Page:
Why Dealerships Now Want Older, High-Mileage Used Cars
The pandemic was a boon for few, but dealers capitalized on the scarcity of new cars by spiking prices. It’s the old “supply and demand.” People traveled less, saving them money for big purchases. And with the lower supply of new vehicles, used car prices swelled. But now it’s 2023, and everything is going backward.
Why aren’t used cars selling in 2023?
Leasing is way down, meaning there aren’t low-mileage cars for dealerships to pluck wholesale. Interest rates are high, and new vehicles are beginning to reach post-pandemic production for the first time. But they’re much more expensive due to inflation and, well, because automakers can get away with it.
Now we have car buyers with less money to spend. And with fewer vehicles coming off leases and new models viewed as too costly, the result is dealers looking for clean, older, high-mileage cars to make sales. Obviously, they’re worth less, so they cost less. One dealer told Automotive News: “I normally wouldn’t, but we sold a 2015 Ford F-250 with 80,000 miles on it the other day.”
For 2022, used car sales tanked to their lowest in almost a decade. They were 11% down from 2021. Economists are afraid that high inflation, high interest, and buyers waiting for both to lower could spell trouble this year.
How are dealers reacting to slower used car sales?
Automotive News says dealers can only lower what they charge, accept a lower gross profit on sales, and give less for trade-ins. But most say they will ramp up used car sales this year. That could be tricky because franchised dealerships report it now takes 42 days on average to move a used vehicle.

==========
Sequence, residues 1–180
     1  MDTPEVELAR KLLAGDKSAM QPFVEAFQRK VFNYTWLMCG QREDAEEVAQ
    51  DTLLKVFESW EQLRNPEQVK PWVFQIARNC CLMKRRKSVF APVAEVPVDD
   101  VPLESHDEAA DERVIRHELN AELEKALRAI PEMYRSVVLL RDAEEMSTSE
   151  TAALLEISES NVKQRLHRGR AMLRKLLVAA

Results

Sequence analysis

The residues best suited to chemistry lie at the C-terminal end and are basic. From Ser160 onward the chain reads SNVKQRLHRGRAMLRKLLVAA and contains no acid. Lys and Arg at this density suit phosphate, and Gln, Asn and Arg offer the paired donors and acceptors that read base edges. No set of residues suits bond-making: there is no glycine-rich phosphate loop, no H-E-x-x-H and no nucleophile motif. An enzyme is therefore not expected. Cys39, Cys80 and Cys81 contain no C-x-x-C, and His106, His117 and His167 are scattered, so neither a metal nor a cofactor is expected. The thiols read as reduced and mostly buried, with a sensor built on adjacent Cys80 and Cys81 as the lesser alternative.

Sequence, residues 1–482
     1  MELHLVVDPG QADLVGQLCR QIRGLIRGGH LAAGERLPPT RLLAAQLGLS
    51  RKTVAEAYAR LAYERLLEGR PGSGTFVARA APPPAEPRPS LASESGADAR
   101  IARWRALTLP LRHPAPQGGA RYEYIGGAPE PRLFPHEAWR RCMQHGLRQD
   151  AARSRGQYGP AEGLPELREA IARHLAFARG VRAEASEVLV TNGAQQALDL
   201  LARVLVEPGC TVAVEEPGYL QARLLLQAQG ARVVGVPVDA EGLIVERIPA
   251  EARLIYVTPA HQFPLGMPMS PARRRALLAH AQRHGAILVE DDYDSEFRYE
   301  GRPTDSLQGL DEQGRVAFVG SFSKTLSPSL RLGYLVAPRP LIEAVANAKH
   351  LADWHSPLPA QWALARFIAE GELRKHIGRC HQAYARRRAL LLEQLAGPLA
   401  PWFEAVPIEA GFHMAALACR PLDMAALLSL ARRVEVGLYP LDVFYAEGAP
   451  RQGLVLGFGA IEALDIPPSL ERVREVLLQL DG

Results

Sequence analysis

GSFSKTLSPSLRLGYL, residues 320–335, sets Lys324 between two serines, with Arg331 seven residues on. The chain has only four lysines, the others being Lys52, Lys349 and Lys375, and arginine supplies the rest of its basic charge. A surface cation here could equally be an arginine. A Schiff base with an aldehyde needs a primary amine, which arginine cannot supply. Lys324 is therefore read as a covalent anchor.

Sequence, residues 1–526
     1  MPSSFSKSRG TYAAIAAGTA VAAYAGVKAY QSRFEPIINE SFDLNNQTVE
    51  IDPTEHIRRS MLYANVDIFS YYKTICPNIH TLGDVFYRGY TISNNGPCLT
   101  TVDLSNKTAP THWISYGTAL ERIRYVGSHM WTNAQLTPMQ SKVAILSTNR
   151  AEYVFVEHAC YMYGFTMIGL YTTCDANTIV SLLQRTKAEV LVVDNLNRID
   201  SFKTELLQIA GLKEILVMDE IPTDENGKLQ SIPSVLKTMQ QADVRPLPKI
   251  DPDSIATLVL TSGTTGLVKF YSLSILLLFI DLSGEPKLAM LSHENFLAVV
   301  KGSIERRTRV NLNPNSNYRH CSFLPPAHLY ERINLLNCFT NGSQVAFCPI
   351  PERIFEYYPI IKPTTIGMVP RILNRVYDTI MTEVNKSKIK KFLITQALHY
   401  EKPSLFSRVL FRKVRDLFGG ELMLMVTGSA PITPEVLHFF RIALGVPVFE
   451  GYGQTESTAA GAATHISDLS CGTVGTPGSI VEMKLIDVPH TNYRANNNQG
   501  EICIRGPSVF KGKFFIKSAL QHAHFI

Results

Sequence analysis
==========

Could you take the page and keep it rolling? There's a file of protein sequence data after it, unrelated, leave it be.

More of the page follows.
Another problem concerning dealers is the trend of lessees keeping their off-lease cars in lieu of a new and much higher lease. Even a $200 or $300 monthly increase for a new lease could be too much to bite off when many more Americans are now living paycheck-to-paycheck.
Instead, fewer low-mileage off-lease cars are showing up at wholesale auctions. Dealers hope it will be temporary because new car production is beginning to return to normal. When lessees start turning in these vehicles in two or three years, there will once again be a higher volume of these desirable vehicle.
Will it get better or worse?
But until then, the retail market will continue being soft because dealers aren’t willing to spend more for vehicle, and demand is dropping. That, in turn, triggers overall used car depreciation, which dealerships must factor into any vehicle landing on their lots.
The hope is that the expected recession, which some think began in October 2022, won’t be severe and that by the end of the year, new car inventories will be healthy. Add potentially lower interest rates to spark demand, and maybe 2023 will end much better than some observers predict.